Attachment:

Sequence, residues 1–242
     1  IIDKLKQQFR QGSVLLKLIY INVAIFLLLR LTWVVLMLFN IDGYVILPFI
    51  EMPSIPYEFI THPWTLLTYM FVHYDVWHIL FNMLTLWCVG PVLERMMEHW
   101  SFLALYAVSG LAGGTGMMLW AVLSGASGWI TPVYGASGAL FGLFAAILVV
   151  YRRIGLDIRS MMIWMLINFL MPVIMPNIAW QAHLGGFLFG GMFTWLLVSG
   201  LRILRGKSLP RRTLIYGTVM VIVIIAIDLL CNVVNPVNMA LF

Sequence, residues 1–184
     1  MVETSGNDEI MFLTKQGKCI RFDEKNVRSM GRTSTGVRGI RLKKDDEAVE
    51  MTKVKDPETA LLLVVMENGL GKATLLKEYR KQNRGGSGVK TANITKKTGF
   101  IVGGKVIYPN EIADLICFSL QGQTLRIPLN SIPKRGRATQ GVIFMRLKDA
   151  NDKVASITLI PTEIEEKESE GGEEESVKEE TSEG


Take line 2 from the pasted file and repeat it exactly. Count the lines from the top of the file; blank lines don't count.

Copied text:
     1  IIDKLKQQFR QGSVLLKLIY INVAIFLLLR LTWVVLMLFN IDGYVILPFI